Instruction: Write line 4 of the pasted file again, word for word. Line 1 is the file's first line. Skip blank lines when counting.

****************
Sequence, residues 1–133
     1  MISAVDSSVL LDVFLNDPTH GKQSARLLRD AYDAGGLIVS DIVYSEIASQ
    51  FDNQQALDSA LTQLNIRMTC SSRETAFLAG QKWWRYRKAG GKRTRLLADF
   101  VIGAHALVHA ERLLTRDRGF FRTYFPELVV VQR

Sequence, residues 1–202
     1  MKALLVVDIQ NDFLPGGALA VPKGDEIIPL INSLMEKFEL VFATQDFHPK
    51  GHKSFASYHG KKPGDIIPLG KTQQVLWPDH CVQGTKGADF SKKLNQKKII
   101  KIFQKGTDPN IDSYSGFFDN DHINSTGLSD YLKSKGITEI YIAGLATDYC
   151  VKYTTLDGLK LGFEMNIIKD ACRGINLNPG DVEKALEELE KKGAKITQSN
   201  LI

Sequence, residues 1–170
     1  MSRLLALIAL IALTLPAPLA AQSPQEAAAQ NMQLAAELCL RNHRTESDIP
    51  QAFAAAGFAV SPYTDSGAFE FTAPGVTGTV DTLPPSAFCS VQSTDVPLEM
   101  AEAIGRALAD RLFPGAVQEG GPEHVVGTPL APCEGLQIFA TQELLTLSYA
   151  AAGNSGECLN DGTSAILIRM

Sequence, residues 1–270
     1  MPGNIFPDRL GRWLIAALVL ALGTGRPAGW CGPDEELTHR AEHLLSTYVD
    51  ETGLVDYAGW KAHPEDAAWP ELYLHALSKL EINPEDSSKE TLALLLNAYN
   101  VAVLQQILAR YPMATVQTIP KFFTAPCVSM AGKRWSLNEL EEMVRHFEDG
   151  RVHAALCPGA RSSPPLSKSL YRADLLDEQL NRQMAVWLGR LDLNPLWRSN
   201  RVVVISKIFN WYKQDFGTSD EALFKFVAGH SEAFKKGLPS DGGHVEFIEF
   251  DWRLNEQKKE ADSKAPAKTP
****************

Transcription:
   101  VIGAHALVHA ERLLTRDRGF FRTYFPELVV VQR